It turns out that extremism in a partisan cause is, in fact, a viceby David Durenberger
Dave Durenberger, former Republican U.S. senator from Minnesota, is senior health policy fellow at the University of St. Thomas and chairman of the National Institute of Health Policy.
"All across the nation there are mainstream Republicans lamenting how the party has grown more and more insular, more and more rigid ... but where have these party leaders been over the past five years, when all the forces that distort the GOP were metastasizing? ... Leaders of a party are supposed to educate the party, to police against its worst indulgences, to guard against insular information loops. They're supposed to define a creed and define boundaries. Republican leaders haven't done that."
David Brooks, who wrote those words last week, is my kind of Republican conservative. Together with Democrat Mark Shields, the funniest liberal I've ever known, he recently won a prestigious national journalism award for civility in political discourse for their work at the PBS NewsHour.
However, I am taking Brooks' column personally. He accuses Republicans like me of "privately bemoaning where the party is headed and in public doing nothing." There's nothing funny about that.
The cancer that's killing this party has its roots not in the conservative-moderate tussles of the state and national parties in the old days. Rockefeller supporters in 1968 did more for Nixon that year than McCarthy supporters did for Humphrey. And the Ford and Bush supporters went all out for Reagan in 1980. Reagan found success in appealing to conservatives and moderates.
What's killing us is what presidential candidate Barry Goldwater said about extremism in the defense of liberty being no vice.
The Republican Party has made a virtue of extremism. It has done so with plenty of help from the old Confederacy, the religious right, the counter-culture hierarchy of the Catholic Church and Brooks' "Bobos in Paradise", who move to the exurbs seeking a world that looks just like them. The list's a long one.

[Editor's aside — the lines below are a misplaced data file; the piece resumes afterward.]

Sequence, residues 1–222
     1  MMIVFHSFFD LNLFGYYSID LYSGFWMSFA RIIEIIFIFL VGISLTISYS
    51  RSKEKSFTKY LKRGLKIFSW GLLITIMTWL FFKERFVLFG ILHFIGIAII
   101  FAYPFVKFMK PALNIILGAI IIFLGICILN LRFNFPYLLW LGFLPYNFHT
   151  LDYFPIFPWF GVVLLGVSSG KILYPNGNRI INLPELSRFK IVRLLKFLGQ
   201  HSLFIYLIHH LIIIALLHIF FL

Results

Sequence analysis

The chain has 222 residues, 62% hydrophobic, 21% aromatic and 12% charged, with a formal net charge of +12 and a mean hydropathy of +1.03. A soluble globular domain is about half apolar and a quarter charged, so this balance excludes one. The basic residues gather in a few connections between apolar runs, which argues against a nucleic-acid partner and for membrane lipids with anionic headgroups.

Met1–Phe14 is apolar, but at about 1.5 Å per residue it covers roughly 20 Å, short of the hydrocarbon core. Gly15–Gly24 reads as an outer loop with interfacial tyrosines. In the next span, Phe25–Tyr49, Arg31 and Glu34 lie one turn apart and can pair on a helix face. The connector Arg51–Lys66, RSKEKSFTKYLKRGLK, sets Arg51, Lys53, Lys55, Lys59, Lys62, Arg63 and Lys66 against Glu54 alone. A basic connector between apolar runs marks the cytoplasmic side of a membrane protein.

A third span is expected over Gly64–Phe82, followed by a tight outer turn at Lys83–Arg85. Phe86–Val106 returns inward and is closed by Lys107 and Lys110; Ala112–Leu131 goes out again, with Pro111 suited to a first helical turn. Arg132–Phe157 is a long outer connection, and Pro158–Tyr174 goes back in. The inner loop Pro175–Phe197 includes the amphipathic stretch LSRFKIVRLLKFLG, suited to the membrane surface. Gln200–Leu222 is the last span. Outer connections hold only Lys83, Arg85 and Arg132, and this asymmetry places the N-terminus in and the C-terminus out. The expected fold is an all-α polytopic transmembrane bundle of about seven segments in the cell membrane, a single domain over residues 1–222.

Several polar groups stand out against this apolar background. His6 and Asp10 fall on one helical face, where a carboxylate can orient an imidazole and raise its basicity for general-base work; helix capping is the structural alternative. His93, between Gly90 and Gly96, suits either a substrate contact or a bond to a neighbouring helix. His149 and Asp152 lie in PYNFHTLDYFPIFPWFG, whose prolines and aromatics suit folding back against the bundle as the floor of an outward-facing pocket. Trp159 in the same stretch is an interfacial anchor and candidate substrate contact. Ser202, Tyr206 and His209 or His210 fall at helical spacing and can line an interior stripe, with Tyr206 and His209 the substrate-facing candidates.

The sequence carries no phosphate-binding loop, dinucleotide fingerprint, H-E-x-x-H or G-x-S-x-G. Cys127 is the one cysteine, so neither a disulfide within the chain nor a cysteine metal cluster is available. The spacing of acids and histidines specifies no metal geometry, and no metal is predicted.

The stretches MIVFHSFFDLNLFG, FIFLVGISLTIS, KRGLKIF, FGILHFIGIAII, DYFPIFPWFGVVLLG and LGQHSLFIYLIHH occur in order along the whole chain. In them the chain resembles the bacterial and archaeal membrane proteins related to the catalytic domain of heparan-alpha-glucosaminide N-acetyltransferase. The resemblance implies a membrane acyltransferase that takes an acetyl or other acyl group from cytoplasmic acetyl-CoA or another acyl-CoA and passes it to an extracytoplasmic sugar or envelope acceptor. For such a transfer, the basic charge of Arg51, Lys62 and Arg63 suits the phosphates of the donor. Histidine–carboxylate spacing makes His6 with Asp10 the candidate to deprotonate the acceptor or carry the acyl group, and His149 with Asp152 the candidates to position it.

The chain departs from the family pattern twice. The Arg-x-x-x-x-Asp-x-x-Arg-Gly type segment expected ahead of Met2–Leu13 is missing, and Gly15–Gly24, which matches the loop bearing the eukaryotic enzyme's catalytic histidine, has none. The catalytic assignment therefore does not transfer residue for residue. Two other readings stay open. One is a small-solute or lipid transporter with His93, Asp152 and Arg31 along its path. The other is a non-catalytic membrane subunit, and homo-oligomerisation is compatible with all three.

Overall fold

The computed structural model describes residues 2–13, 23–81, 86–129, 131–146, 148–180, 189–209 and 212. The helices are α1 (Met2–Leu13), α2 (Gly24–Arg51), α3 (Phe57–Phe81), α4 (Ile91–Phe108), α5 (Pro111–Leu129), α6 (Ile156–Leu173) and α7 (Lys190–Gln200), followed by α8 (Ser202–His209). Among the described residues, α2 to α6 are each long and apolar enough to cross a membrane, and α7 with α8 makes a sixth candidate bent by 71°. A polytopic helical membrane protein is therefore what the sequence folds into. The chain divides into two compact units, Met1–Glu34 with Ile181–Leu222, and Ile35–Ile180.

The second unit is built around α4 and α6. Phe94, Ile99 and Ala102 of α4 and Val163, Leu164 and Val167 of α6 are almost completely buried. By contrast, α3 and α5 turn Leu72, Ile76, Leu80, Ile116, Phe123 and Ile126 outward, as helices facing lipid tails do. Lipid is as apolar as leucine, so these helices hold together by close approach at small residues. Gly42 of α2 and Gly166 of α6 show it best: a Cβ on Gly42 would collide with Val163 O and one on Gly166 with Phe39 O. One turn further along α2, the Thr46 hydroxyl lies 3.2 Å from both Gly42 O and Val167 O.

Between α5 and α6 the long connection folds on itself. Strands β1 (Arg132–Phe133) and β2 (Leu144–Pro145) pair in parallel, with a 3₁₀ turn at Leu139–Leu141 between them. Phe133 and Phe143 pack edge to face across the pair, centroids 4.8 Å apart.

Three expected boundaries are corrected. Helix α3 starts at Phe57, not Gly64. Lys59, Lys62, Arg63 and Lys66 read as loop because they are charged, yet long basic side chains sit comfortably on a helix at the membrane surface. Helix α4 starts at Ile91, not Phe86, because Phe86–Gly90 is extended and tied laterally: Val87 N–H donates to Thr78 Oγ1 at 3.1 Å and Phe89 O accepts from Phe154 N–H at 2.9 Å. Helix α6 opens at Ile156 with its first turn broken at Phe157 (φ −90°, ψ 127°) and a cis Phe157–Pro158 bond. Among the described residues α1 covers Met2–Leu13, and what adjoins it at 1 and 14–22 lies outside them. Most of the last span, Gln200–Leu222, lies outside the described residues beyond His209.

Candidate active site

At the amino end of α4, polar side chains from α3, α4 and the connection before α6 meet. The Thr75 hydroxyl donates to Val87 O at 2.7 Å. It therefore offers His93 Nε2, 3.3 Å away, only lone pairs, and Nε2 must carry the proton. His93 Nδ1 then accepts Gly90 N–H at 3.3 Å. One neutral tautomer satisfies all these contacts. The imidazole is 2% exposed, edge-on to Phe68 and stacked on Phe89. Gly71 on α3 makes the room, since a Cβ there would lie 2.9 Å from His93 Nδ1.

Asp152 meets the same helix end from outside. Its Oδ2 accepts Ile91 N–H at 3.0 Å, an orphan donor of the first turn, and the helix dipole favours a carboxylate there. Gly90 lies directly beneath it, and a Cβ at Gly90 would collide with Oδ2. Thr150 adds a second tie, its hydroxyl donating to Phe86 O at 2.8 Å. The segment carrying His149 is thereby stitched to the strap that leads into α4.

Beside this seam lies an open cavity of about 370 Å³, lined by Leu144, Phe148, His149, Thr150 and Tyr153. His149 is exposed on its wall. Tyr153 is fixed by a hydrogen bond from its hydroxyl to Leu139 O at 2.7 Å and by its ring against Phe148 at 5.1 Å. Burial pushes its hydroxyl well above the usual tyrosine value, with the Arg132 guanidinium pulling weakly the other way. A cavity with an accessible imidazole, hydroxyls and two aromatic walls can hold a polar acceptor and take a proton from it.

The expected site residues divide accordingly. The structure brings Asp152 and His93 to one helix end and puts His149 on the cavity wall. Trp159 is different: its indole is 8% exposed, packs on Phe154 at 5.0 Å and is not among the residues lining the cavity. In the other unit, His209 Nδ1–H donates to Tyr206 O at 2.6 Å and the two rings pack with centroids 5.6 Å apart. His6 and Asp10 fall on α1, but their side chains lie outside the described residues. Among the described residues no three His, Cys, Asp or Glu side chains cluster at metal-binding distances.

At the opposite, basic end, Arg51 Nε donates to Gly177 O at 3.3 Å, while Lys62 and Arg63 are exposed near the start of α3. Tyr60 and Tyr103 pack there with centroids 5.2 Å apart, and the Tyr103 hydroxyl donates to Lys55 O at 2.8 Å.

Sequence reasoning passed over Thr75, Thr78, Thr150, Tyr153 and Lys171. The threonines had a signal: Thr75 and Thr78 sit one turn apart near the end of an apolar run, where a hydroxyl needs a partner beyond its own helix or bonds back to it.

If every public policy problem is defined in moral terms, and every man claims a divine origin for his political beliefs, there's no way in a representative democracy to find consensus about the right solution. When, as now, every elected representative of one political party can define all the problems facing this country in terms of everything one man has done as president, that's extremism.
When, as now, the conservatives of my day — like Orrin Hatch and Bob Bennett of Utah — are threatened with extinction, and moderate Sen. Olympia Snowe, R-Maine, gives up 33 years of experience because "nothing is likely to change in the near future," that's extremism.
When, as now, every Republican signs a pledge never to raise any kind of tax, to cut a preferred list of public expenditures but never to touch tax preferences, and to promise never to fund anything that has the word Public or the word Parenthood in it, that's extremism.
And when a generation of Republicans who have joined Democrats in bipartisan efforts to ensure the civil rights of every American, including every woman, have been sent to the sidelines by Republican primaries and caucuses, you know that's extremism.
So I say to my friend David Brooks: We RINOs (Republicans in name only) or Opossum Republicans (who go to sleep at the first sign of trouble) are history. The day we, like Sen. Olympia Snowe last week and Sen. Kay Bailey Hutchinson before her, walk out of long careers as Republican senators, you know that partisan extremism is winning the day, no matter what we may say or do. It's wishful thinking to believe the extremists can be educated or informed — except by the electorate.